Scouts, Youth Group, school, and GIFT classes plan to create a simple craft of the Divine Mercy and pass it along to those for whom they perform works of mercy.  If you’d like to join them in this endeavor, you can purchase the craft kit for $0.99 each from  The item number is VC137.

February Year of Mercy

Year of MercyMercy is an essential component of healthy relationships, and mercy and reconciliation are tools given to us to heal those relationships when we sin and when we are sinned against. Broken relationships within families are especially painful. In order to move forward, we seek not to forget the past, but to be reconciled to it and to one another and to bear wrongs patiently. During this Year of Mercy, let us seek to cultivate the habits and virtues of prayer, fruitful dialogue, gratitude, forgiveness, and serenity of heart so that we can begin to heal relationships in need of reconciliation. And remember, your parish is here to help. Pope Francis reminds us of the importance of mercy to a joyful life in the document introducing the Year of Mercy (Misericordiae Vultus): “To let go of anger, wrath, violence, and revenge is a necessary condition to joyful living….Above all let us listen to the words of Jesus who made mercy an ideal of life and a criterion for the credibility of our faith: ‘Blessed are the merciful, for they shall obtain mercy (9).’”

Lent Provides Opportunity to Experience the Sacrament of Reconciliation During Year of Mercy

Year of MercyIn announcing the Jubilee Year of Mercy, Pope Francis said: “Let us place the sacrament of reconciliation at the center once more in such a way that it will enable people to touch the grandeur of God’s mercy with their own hands” (Misericordiae Vultus 17). The Sacrament of Reconciliation, one of the two sacraments of healing, is an opportunity to take stock, admit and confront failings and sin, and experience God’s love and mercy.  For those of us who have benefitted from this powerful sacrament, let’s take the opportunity to share its benefits with others.  For those of us who may not have participated in recent years, let’s take the opportunity during this Lenten season to experience Jesus’ mercy through this sacrament.  Most parishes have additional opportunities for the sacrament of Reconciliation during Lent.  Information can be found at .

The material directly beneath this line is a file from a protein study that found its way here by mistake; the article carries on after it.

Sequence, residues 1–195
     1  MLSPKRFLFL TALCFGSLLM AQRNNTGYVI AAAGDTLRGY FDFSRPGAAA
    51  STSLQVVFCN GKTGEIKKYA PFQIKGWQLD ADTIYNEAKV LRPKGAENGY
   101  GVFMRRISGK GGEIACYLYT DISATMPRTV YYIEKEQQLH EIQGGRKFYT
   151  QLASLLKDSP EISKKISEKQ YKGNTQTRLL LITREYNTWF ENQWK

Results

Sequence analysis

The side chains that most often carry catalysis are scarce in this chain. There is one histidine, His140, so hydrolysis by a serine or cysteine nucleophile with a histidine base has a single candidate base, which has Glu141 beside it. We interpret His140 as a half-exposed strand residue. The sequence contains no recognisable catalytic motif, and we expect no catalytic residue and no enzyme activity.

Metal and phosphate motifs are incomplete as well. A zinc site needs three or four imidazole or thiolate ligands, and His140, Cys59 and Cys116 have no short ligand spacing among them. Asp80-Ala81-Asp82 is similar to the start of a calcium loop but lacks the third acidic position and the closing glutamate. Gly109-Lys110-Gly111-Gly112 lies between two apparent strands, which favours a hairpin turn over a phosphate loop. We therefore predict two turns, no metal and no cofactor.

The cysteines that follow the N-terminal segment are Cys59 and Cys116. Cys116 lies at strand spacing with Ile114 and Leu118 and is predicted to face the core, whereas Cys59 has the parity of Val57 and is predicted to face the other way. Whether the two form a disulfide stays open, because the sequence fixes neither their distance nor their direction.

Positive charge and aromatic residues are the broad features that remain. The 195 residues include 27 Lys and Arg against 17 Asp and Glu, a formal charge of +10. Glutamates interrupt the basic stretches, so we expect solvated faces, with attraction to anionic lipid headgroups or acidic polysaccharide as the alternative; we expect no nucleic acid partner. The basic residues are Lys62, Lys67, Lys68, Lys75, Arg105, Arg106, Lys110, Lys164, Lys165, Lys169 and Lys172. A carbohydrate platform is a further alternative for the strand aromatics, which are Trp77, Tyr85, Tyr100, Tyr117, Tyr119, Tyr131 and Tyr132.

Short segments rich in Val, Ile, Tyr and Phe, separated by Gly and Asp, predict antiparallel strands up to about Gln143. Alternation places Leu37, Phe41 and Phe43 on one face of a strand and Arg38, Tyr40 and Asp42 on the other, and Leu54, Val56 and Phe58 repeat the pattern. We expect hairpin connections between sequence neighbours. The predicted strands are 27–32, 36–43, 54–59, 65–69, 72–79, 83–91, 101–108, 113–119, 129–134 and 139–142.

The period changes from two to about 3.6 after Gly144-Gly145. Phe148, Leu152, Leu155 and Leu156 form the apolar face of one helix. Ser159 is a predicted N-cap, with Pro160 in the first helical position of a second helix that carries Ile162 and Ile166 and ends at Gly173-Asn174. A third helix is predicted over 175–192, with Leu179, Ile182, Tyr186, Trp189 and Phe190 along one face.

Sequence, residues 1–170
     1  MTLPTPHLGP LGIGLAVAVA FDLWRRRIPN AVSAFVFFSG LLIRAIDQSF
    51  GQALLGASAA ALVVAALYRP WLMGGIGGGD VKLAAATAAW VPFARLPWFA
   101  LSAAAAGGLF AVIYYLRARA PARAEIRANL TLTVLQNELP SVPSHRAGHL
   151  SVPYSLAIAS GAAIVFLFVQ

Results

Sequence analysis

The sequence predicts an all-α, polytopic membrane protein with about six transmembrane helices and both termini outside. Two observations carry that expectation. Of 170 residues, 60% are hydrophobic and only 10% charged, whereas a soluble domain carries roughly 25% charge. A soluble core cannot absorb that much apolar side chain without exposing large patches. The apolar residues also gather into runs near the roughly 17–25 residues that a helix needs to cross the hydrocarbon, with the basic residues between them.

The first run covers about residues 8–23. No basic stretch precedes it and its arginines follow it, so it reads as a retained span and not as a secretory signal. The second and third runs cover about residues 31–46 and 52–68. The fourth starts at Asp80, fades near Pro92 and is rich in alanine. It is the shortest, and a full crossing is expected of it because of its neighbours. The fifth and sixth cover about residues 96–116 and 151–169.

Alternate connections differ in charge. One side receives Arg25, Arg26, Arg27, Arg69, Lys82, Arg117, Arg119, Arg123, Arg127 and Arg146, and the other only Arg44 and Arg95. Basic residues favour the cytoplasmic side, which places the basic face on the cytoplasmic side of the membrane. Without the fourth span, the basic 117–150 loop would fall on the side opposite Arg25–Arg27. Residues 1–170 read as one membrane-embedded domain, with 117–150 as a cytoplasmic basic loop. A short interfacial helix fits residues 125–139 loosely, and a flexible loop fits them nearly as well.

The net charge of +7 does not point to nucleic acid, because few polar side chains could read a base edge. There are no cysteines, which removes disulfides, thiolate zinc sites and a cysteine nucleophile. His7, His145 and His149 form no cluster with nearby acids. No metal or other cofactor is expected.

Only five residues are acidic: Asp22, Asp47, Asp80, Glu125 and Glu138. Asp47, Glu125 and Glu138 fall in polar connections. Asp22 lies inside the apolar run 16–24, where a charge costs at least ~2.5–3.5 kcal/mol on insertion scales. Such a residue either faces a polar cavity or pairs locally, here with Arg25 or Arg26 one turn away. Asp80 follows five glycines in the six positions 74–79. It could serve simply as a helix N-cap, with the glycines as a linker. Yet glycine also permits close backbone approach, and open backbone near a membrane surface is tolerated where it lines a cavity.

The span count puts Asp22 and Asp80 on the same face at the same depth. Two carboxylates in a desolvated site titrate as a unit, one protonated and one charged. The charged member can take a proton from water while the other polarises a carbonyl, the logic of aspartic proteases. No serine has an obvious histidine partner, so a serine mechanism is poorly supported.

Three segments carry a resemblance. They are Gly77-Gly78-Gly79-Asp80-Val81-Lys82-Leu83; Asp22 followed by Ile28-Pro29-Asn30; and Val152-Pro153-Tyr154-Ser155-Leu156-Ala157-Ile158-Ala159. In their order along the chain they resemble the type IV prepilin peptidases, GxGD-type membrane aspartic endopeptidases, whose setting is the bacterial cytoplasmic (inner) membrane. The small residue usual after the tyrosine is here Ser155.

Year of Mercy - The Spiritual Works of Mercy

Year of MercyDuring this Year of Mercy, the Pope has asked that we all focus on the works of mercy.  The Spiritual Works of Mercy are acts of love that help us care for the needs of people’s hearts, minds and souls.  Contemporary translations are listed first, followed by the traditional formulations for each spiritual work of mercy.

They include:
1. Teach the uneducated (Instruct the ignorant or teach the uninformed)
2. Comfort the suffering (Console the sorrowful)
3. Give advice to those who need it (Counsel the doubtful)
4. Be patient with others (Bear wrongs patiently)
5. Give correction to those who need it (Admonish the sinner)
6. Forgive those who hurt you (Forgive injuries)
7. Pray for the living and the dead
The Spiritual Works of Mercy transform us into instruments of love, peace and kindness in the world. Many opportunities to practice the Spiritual Works of Mercy exist at Holy Trinity. Please refer to  the Holy Trinity website or to your stewardship form.
Corporal Works of Mercy

Year of MercyDuring this Year of Mercy, the Pope has asked all of us to reflect on the works of mercy. The annual "Mayor's Give a Day Week" is April 16 through April 24 and a good time to reflect upon how our community service and ministries are connected to the Works of Mercy all year long. There are many opportunities within our community and beyond to assist those in need.

The Corporal Works of Mercy are acts of love that help us care for the physical and material needs of others. The seven works of mercy are drawn from the Scriptures and Jesus tells his disciples (that’s us) that they form the criterion by which we will be judged after death (see Matthew 25: 31-46). 

The Corporal Works of Mercy are:

o Feed the hungry 
o Give drink to the thirsty 
o Shelter the homeless
o Clothe the naked
o Comfort the sick
o Visit the imprisoned
o Bury the dead